Wednesday, 23 December 2015

The Magic of Portugal in Winter

Orange trees in Largo da Se Square, Faro
I went to Faro in December chasing custard tarts - pastéis de nata - but I stayed for oranges. They dangled in ripe abundance from trees in the new town and the old city, plump and ripe and as common as horse chestnuts in an English autumn. On a long walk inland, orange groves lined the dirt track and the roads. They were punctuated by parched almond trees whose bare branches cried out for water, but oranges and their green leaves pressed glossy and healthy against the protective link-fences and barbed wire. I ate oranges twice a day and knew that I had discovered the Platonic orange: its rich sweet fragrant juiciness was how an orange was meant to be, and I had no choice but to relegate forever the sad imitation found in British supermarkets.
Shells on Ilha Deserta

There was no more sublime place to share an orange than on an empty beach on Ilha Deserta, the 'deserted island', where a driftwood construction proclaims the southernmost point of Portugal. A boat-ride through wetlands away from the coast, in the summer Ilha Deserta throngs with sunbathers who gather for cold drinks at the island's one and only building, an expensive restaurant. In the winter a wild green sea beat down on the sand, the island was suffused with grey-bright light, and we were the only visitors. The mark of the summertime crowds was the occasional plastic bottle lying on the beach; the pounding of the sea had broken down or washed away the rest. Skeins of shell fragment nestled in the tide-grooves of the beach, but there were whole treasures to be found scattered among them too. We lingered over palm-sized thick shells with their edges smoothed by the angry water and pearly oysters with their outer black covering beaten away. In places shards of black mussel as big as kittens stuck out of the sand, and it was not hard to believe that the sea was sufficiently ferocious to wash up gigantic creatures from the depths of the ocean floor. On our walk back to the dock the tide was coming in, and every passing white-foamed wave thundered a little further up the shore, reclaiming the sand.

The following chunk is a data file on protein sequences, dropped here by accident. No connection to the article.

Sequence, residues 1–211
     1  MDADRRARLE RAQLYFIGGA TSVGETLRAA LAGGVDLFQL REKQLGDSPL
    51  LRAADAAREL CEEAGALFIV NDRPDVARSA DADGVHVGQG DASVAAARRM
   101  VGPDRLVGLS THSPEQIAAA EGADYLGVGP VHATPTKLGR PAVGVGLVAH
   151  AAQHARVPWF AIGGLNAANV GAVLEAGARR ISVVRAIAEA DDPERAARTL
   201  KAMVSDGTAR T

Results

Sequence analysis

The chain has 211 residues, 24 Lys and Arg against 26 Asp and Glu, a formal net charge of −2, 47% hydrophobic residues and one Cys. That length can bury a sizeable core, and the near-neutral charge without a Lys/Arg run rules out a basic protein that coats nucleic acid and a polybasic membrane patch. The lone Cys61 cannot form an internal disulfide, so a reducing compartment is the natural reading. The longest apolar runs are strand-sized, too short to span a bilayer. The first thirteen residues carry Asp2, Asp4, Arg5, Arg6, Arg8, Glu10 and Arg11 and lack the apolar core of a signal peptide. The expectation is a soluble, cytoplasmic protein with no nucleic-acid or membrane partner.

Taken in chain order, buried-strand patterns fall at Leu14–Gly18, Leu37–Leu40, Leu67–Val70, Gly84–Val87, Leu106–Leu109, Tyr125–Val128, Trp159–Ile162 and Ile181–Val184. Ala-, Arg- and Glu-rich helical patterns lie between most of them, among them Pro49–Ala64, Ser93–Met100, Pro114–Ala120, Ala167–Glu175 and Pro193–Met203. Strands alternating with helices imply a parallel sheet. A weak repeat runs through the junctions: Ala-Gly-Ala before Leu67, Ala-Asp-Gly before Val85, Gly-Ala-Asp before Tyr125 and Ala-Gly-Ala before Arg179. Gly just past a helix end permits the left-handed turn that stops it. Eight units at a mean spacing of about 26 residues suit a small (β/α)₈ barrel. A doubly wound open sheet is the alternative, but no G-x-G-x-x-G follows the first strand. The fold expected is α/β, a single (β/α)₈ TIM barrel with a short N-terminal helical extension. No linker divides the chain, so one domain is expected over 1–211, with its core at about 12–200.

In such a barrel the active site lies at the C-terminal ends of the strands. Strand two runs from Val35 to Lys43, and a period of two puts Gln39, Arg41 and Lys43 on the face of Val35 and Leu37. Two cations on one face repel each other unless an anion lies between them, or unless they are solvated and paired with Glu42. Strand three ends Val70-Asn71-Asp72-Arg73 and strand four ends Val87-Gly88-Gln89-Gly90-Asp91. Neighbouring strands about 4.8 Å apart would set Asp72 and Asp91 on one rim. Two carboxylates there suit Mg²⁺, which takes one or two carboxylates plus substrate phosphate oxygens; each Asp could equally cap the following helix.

We returned to the mainland nursing nature's bounty. From an empty ferry big enough for fifty, the sea and wetlands expanded languidly. The ugly tower blocks of new Faro and the glimmer of its marina were distant whispers on the horizon. In the wetlands oyster-catchers idly stalked the beach on their long legs, and cormorants and egrets plundered an inlet in a flurry of black and white wings. Surrounded by sea and sky I felt the limits of earth and walls and the everyday fall away, and slipped instead into an airy timelessness, where minutes were like hours and moving through space yielded only more space, empty and infinite. Peace was a Portuguese lagoon in winter. 

Ria Formosa Natural Park, Algarve
I found something similar the next day at the top of Faro's baroque cathedral in the old city. I had wandered around its deserted chapels and discovered as an afterthought the steps at the entrance leading up to the tower. They wound upwards in a tight spiral and I climbed in the hush of an empty stairwell, knowing that whatever waited at the top, I would be alone. I emerged onto a tower-top that was far higher than it appeared from the ground. Below me the orange trees of the square were reduced to small topiaries, and in front the sea spilled towards the wetlands and the bright sky. A smattering of small boats hugged the line of the shore. As I looked towards the city, a stork on top of its bell-tower nest refolded its wings and settled. Wood pigeons cooed from the rooftops below; it was the only sound, and for a long time I hovered, listening, in the giddy freedom of height and vista on a warm December afternoon.